Tampa Bay Buccaneer OTAs: Why They Are Voluntary but Mandatory

Tom EdringtonSenior Writer IMay 24, 2012

Ronde Barber has forgotten more about football than most guys know.
Ronde Barber has forgotten more about football than most guys know.Ezra Shaw/Getty Images

Yes, OTAs—that's NFL-speak for Organized Team Activities—are "voluntary." So says the CBA—the Collective Bargaining Agreement, which is the peace treaty between the Players Union and the owners.

For the Tampa Bay Buccaneers, you're talking about a situation where these OTAs are voluntary in theory, but in reality they are mandatory.

There are a lot of reasons they're mandatory, so let's get right to them:

First reason and most glaring:  Four and Twelve. Does that mean anything to you? Yes, 4-12, the Bucs 2011 record. That should be reason enough.

Second reason and equally glaring: New coaching staff, new systems, new offense, new defense, new everything.

Third reason: This team is not packed with Pro Bowlers.

Fourth reason: Basically everyone who can operate a keyboard last year said that the lack of OTAs would really hurt this "young" football team.

Fifth reason: It's still a "young" football team.

Sixth reason: Josh Freeman was awful in 2011.

Seventh reason: Basically everyone else was awful along with him.

Eighth reason: Lo and behold, there will be actual "competition" for roster spots when training camp opens at the end of July.

Ninth reason: There's a new sheriff in town.

Tenth reason: New Orleans and Atlanta were playoff teams, Carolina won six games with a rookie quarterback and the NFC South isn't about to get any easier.

Eleventh reason: See reasons one through 10.

Notice how few of the "Pro Bowl caliber" players that are on this team are there for the OTAs. That would be Vincent Jackson, Carl Nicks and some guys on the borderline like Donald Penn and Davin Joseph.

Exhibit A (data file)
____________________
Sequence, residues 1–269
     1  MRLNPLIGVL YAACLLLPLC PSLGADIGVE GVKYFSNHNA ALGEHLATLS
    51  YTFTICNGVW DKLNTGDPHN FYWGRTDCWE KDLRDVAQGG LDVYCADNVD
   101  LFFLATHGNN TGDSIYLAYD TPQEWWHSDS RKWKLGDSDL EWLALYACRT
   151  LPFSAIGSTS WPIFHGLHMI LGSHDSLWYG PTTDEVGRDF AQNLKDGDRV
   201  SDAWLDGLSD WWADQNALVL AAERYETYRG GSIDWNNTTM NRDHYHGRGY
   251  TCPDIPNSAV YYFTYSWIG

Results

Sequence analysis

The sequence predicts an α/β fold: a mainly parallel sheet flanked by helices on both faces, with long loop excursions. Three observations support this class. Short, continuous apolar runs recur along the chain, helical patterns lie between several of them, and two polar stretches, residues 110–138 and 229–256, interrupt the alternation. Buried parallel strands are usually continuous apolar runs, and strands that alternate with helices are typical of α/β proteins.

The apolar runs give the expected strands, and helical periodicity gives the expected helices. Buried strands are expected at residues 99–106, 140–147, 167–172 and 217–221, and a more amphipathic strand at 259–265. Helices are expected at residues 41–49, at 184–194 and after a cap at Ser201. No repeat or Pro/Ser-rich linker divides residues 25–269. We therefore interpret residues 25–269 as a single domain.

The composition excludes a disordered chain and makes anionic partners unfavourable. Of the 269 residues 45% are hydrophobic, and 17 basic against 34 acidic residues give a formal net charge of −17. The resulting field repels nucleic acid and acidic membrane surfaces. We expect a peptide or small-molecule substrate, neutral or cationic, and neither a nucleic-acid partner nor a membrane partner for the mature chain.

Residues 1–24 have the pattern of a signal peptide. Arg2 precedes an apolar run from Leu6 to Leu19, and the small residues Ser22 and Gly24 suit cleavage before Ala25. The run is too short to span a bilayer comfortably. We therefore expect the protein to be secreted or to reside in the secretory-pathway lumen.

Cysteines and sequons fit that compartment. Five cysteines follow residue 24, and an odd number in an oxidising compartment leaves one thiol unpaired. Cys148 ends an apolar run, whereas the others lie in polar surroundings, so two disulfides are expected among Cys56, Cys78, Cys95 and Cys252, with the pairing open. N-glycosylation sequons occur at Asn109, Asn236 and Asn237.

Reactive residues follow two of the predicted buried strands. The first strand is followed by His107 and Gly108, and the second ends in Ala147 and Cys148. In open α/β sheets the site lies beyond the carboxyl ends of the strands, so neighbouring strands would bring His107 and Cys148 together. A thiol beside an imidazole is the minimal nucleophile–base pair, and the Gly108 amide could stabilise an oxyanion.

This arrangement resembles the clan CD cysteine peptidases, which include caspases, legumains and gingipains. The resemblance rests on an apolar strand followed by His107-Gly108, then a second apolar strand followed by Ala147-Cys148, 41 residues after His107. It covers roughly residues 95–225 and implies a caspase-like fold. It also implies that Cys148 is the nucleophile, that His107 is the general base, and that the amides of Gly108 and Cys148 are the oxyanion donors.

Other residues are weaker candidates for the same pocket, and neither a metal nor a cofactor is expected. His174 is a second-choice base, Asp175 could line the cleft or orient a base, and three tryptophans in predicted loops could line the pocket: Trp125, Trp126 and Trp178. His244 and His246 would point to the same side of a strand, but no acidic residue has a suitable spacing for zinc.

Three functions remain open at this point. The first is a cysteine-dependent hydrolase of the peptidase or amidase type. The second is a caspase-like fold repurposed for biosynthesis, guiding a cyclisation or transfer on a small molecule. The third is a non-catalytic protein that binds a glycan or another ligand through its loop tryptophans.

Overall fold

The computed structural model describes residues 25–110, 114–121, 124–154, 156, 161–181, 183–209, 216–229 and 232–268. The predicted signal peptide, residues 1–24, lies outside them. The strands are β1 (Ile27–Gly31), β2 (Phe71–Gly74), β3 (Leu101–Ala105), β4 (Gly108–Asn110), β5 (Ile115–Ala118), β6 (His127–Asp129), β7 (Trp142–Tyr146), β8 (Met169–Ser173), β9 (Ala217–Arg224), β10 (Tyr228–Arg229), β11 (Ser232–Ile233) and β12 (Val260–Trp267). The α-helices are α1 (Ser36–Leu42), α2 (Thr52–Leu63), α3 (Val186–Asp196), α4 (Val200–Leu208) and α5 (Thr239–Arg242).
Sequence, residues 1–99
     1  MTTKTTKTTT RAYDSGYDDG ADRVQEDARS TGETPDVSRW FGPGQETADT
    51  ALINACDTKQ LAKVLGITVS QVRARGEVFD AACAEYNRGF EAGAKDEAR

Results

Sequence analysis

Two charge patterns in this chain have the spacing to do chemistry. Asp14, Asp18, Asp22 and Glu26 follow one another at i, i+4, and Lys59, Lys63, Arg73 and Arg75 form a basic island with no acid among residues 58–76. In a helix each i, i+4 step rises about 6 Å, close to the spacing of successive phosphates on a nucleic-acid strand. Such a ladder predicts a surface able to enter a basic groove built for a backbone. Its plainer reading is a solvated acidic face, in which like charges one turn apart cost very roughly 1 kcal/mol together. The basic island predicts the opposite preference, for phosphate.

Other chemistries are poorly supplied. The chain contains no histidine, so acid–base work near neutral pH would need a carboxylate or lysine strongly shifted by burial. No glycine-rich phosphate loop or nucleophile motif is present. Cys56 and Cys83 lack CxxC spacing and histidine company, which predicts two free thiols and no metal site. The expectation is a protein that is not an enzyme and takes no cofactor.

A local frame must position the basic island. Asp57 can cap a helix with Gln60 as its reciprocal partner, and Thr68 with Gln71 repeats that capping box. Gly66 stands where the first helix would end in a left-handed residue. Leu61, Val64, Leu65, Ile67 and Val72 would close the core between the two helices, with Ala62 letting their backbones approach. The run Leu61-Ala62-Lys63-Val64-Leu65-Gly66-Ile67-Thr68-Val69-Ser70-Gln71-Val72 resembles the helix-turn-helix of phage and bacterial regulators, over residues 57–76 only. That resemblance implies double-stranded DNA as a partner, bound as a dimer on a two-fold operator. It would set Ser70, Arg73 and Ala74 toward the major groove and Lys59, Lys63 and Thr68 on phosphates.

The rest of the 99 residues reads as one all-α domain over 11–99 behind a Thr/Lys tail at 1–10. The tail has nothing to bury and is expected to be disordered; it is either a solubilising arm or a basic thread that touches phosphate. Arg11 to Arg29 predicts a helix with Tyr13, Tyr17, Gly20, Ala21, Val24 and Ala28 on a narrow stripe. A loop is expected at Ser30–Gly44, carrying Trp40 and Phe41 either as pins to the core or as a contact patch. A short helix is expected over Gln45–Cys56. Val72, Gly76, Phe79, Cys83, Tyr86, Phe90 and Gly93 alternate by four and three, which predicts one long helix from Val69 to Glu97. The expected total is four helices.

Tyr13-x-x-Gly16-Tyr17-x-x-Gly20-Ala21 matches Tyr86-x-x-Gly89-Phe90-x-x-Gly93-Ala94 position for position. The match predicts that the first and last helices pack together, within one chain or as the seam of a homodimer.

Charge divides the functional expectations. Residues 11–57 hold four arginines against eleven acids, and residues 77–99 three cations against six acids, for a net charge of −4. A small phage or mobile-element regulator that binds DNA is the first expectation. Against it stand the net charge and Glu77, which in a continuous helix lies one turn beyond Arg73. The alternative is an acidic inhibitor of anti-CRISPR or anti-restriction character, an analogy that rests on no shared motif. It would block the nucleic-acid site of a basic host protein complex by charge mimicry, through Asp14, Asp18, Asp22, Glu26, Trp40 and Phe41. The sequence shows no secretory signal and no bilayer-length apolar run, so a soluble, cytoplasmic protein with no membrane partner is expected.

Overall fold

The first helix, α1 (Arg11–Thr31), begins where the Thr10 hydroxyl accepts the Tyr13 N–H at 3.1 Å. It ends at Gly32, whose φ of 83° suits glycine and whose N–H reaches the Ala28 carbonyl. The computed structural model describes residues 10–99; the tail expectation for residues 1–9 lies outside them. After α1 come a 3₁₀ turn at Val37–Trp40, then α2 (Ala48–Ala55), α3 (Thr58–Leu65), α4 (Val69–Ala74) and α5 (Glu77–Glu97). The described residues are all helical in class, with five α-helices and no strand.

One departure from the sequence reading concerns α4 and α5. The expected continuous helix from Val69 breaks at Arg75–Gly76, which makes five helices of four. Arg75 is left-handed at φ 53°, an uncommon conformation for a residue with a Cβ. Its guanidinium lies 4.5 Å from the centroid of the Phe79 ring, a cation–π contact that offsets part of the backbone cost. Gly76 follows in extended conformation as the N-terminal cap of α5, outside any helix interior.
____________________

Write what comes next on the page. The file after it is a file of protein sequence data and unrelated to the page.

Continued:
Ronde Barber, a five-time Pro Bowl player, has a "gold star" for perfect attendance. Barber has forgotten more about football 101 than the rest of the team combined. But he's there, sweating and learning.

Head coach Greg Schiano knows he has a tough task. He knows about reasons 1-10, and you can bet your ticket stub from last year's New Orleans game that he's watched a LOT of video since he was hired. His team is way behind the rest of the division on the system learning curve.

Way behind.

It's easy to say the Buccaneers will be "improved" this year. That's what every scribe for every team is writing as we speak. The Cleveland Browns will be improved, the Indianapolis Colts will be improved, the St. Louis Rams will be improved...

The fact of NFL life is that after the euphoria of the draft, every fan for every team is dreaming as we write that their team will be "improved." But does "improvement" translate to more wins than losses?

That's where work ethic comes in, where coaching comes in and where fundamentals come in, and 4-12 means you are lacking in all those categories.

You are what your record says you are. Bill Parcells has said that year-in and year-out.

You get what you deserve in the NFL. Jon Gruden said that when he won, said it when he lost, said it when he came in and said it on his way out.

Achievement in sports at any level does not come without supreme sacrifice. Players with lesser God-given talent have worked and over-achieved their way into the Hall of Fame in Canton.

As things stand right now, in order for the Tampa Bay Buccaneers to win this year, there will have to be a lot of over-achievers on the new roster.

And that starts with OTAs.

Talent is God-given, work ethic is learned, pride in being a professional is learned and loving what you do comes from within. If you love football, you wouldn't want to miss a single OTA, an opportunity to learn more, to improve, to over-achieve and to be better than you imagined you could be.

Would you?